The Health and Safety of Other Tenants and Owners Must Come First
Building and unit owners in the City of New York are occasionally faced with the difficult task of having to evict a building occupant who is clearly in need of assistance, yet refuses all offered aid. Sometimes the decision to proceed against the tenant is made necessary due to conditions in the tenant's apartment that potentially endanger the health and safety not only of the tenant but all other tenants and owners residing in the building. Actions against tenants based upon a nuisance condition allegedly created and maintained by such a tenant are difficult cases to win, but documenting the nuisance conditions, and their impact upon other tenants and owners in the building, will have a significant impact upon the outcome. This was the case in Kast Realty, LLC v. Houston (NYLJ 11/12/2002, page 19 col. 1). In Kast, the owner of a residential apartment (the "Owner") alleged that the tenant had committed and permitted to exist a nuisance condition in the tenant's apartment. The Owner alleged that the tenant had accumulated garbage, clothing, books, newspapers, magazines, furniture, iron bars, cans of paint, old windows, and the hood of a car, all in the apartment in such number as to overfill the apartment. The articles accumulated by this tenant allegedly reduced the width of the entrance to the apartment to 9 inches, which the Owner alleged created a danger to the life and property not only of the tenant, but to everyone in the building.
The Owner's action was first heard in New York City Housing Court in December 2001. The case was adjourned several times to allow the tenant to correct the conditions in the apartment. Three months after the case was first heard, a housing court judge visited the apartment and confirmed its condition. When the case next appeared on the Housing Court's calendar three months later, the parties entered into an agreement whereby the tenant was given an additional 30 days to clean up the apartment. Forty-five days later, the Judge inspected the apartment again and found the apartment was "literally overcome with thousands of books, magazines, cans, bottles, pictures, rags, and other assorted items. There was barely any room to walk and a health and fire hazard clearly existed." The Judge then entered an order granting the Owner a final judgment of eviction, but stayed its execution until August 31, 2002, giving the tenant another 90 days in the apartment.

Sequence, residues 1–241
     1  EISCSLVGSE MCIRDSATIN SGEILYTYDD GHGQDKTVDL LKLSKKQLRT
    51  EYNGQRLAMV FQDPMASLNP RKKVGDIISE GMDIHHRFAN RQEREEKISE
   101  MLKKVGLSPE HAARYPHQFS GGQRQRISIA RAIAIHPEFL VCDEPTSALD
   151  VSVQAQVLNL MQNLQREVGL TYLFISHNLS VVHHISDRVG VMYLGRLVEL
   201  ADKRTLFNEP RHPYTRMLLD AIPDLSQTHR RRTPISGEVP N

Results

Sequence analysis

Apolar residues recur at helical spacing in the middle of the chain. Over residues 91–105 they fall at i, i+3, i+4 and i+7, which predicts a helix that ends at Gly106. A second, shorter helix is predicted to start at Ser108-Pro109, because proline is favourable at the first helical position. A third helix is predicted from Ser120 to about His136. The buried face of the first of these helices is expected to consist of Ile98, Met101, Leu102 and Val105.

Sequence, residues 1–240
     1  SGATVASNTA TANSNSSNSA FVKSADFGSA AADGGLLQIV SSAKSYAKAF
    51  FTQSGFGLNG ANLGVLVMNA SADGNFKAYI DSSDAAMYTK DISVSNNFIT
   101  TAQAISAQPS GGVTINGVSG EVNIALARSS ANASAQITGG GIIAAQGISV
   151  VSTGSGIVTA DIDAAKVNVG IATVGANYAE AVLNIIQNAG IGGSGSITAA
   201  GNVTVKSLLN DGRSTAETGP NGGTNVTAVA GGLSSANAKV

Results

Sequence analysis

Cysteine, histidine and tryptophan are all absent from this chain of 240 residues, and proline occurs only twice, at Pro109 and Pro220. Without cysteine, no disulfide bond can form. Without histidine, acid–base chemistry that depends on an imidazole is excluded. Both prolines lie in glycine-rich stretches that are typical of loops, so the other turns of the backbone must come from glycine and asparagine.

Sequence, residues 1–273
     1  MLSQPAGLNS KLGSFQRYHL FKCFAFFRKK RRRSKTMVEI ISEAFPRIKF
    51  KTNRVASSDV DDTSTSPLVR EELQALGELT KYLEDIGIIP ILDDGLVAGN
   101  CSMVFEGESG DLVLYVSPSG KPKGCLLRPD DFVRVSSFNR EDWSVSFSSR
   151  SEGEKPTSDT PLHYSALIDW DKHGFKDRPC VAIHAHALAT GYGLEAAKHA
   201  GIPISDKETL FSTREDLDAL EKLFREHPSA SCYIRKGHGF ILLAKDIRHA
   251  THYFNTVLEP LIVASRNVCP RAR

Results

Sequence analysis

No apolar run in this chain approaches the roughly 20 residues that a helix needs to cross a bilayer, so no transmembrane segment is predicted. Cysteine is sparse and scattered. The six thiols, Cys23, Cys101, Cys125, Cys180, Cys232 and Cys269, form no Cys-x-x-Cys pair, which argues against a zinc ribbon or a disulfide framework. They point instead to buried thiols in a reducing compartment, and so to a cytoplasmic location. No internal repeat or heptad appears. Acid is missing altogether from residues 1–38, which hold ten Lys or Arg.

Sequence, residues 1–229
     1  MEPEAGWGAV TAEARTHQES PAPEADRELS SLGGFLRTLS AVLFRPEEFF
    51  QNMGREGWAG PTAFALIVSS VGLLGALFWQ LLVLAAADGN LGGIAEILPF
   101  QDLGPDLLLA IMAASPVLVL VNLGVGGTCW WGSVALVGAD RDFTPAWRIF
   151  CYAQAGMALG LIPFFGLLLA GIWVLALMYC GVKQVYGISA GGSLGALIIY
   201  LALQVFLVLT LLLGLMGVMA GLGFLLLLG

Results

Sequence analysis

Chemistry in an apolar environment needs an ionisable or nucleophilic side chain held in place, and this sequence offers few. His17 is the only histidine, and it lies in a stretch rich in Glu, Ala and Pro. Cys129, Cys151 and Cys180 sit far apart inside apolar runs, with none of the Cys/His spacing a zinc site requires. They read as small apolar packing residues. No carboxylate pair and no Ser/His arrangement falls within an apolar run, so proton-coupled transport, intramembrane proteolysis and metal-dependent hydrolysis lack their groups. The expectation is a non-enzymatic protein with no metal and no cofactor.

After the entry of the Court's order, the tenant's attorneys made a motion to dismiss the case on procedural grounds. First noting that the procedural claims then made by the tenant's attorneys had long before been waived, the Judge focused on the numerous opportunities given to the tenant to clean up the apartment. The Judge, noting that the nuisance condition began long before the Owner commenced the case and expressing his sympathy for the tenant, recognized that the Court's sympathies must be balanced against the rights of other tenants and owners whose health and safety are at risk. The Court dismissed the tenant's challenge to the Court's eviction order, but gave the tenant another 60 days to vacate the apartment.
IMPORTANT NOTE: The material in this newsletter is provided for information purposes only and should not be construed as legal advice. Because the particular facts and circumstances of every situation differs, you should not act or refrain from acting on the basis of this information without consulting an attorney.